On the morning of October 31st, 2003, young Bethany Hamilton went out into the ocean for a surf session. Within thirty minutes she felt a tug on her board and knew immediately what was happening. A shark attacked her, taking her left arm. She had widely been regarded as a rising surf star. Everyone but Bethany thought her surfing days were behind her.
Three weeks later, sitting on the beach while her friends surfed in the ocean, she decided she wasn’t ready to end her surfing career. She ran out into the water with a bandage still on, and after three tries, caught a wave. A little over a year later, she won her first national title and by 2007 had realized her dream of becoming a professional surfer.
It would have been easy for Bethany to leave surfing behind. In fact, her friends and family would have understood and supported her decision to find another path. But Bethany didn’t make excuses. The accident was an obstacle she would simply overcome.
All too often we encounter obstacles on our path (major and minor), which we allow to set us off course. When this happens we use excuses to free us of the responsibility of working harder, stepping outside of our comfort zones, and doing difficult things.
“I don’t have enough money to … ”
“There isn’t enough time to … ”
“I missed my chance, I’m too old to … ”
Following our dreams is not a luxury for anyone, it is always our choice. Pursuing our deepest desire is our responsibility to the Creator. We are each here for a very special reason, a purpose that is unique to each of us. We are given gifts that we are meant to share with the world. Refusal to follow a dream is a choice; it is abandoning an opportunity to create change in the world.
There is a saying, “Dreams don’t work unless you do.” The Kabbalah Centre teaches that it is our job to overcome obstacles as we encounter them. It is our responsibility to persevere and find a way to fulfill our desires. In fact, “An essential aspect of true spiritual work is the fact that it is beyond our capabilities,” says Michael Berg, “yet we must never excuse ourselves from doing the impossible.” Obstacles are opportunities for us to follow our spiritual paths.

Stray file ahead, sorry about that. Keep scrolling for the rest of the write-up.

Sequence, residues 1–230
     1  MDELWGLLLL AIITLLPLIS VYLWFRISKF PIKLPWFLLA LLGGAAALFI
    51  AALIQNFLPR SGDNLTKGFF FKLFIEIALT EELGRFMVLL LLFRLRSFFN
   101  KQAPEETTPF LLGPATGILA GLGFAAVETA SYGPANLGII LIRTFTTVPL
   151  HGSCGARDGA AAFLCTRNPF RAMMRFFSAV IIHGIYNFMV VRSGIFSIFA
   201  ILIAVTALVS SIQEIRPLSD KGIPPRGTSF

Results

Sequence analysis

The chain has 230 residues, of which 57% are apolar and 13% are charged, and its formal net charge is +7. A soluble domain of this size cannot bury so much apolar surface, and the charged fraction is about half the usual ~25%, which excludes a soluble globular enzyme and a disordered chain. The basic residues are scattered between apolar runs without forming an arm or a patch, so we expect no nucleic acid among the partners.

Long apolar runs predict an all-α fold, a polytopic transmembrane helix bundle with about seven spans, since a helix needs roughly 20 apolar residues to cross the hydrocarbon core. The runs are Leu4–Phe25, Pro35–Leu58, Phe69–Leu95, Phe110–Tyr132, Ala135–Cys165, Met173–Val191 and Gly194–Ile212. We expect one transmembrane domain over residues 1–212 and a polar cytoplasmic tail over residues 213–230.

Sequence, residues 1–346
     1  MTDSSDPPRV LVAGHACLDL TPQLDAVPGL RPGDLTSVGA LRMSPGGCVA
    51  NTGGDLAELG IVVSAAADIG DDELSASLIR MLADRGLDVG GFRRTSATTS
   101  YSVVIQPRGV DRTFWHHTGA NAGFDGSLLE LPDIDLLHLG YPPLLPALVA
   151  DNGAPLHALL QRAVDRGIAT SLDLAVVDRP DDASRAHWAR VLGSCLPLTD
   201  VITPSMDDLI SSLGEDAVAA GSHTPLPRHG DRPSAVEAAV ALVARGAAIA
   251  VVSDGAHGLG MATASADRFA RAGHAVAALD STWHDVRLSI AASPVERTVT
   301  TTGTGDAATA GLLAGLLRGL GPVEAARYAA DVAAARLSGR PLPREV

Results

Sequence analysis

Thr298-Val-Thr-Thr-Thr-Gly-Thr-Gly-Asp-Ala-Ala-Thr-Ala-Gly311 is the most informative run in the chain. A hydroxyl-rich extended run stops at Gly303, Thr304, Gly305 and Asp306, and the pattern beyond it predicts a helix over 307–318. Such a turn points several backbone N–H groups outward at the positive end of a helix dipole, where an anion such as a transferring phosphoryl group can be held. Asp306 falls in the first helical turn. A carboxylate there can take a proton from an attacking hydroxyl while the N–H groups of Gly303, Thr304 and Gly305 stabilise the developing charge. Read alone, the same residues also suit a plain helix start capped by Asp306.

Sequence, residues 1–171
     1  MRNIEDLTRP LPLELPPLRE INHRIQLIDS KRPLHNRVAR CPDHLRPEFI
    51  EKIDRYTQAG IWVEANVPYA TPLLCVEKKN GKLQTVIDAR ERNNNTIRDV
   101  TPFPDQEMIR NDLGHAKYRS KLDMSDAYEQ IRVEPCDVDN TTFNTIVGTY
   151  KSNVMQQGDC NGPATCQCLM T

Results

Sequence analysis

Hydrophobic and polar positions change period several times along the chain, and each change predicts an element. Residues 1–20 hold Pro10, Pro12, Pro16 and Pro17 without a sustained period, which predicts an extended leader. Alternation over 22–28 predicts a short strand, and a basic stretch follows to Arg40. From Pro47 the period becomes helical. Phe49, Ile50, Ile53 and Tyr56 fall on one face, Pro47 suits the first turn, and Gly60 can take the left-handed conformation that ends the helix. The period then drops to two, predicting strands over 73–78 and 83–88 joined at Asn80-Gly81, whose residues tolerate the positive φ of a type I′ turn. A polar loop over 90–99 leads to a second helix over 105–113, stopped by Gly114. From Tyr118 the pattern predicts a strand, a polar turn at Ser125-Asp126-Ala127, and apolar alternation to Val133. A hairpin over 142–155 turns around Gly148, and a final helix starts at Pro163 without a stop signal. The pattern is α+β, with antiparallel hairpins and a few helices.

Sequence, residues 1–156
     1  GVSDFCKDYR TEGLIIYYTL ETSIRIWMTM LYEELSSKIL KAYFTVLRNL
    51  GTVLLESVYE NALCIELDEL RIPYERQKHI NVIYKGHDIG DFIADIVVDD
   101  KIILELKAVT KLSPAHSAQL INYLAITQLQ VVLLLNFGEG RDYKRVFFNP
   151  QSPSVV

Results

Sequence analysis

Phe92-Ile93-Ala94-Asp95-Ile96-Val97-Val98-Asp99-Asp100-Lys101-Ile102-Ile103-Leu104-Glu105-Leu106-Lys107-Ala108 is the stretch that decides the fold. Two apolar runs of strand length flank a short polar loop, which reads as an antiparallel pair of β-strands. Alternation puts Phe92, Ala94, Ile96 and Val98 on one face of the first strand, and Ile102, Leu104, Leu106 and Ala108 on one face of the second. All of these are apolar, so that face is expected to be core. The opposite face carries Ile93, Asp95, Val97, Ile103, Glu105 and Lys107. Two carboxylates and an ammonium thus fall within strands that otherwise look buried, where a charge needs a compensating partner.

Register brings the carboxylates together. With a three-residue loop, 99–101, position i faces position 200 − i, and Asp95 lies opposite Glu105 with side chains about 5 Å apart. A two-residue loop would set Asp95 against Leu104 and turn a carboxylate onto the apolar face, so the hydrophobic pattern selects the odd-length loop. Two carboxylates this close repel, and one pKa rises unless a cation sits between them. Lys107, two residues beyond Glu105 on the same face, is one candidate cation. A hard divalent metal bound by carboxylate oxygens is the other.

Imagine a world where some of our greatest leaders, those who helped create the most positive change in the world, made excuses for not achieving greatness. What if Martin Luther King, Jr. or Mahatma Gandhi decided it was too inconvenient to lead movements for peaceful change? Our consciousness depends upon our willingness to meet challenges as they arise, to do the difficult thing, and resist the temptation to make excuses.
The truth is our spiritual paths are not meant to be easy and smooth. It’s how we respond when things get hard that defines our spiritual growth and who we are. “Every single time we have reasons and excuses for ourselves not to become uncomfortable, not to stand up, we need to stop and think,” says Michael Berg. “Literally the last thing in the world that we want to do, the most difficult thing for us to do, is the only thing we are here to do.”
Bethany Hamilton could have made excuses, but instead she overcame a huge obstacle and followed her dream. The way to transform ourselves is by deciding that when we see the door opening to a challenge, we won’t close it, but instead take responsibility and live up to the lesson within.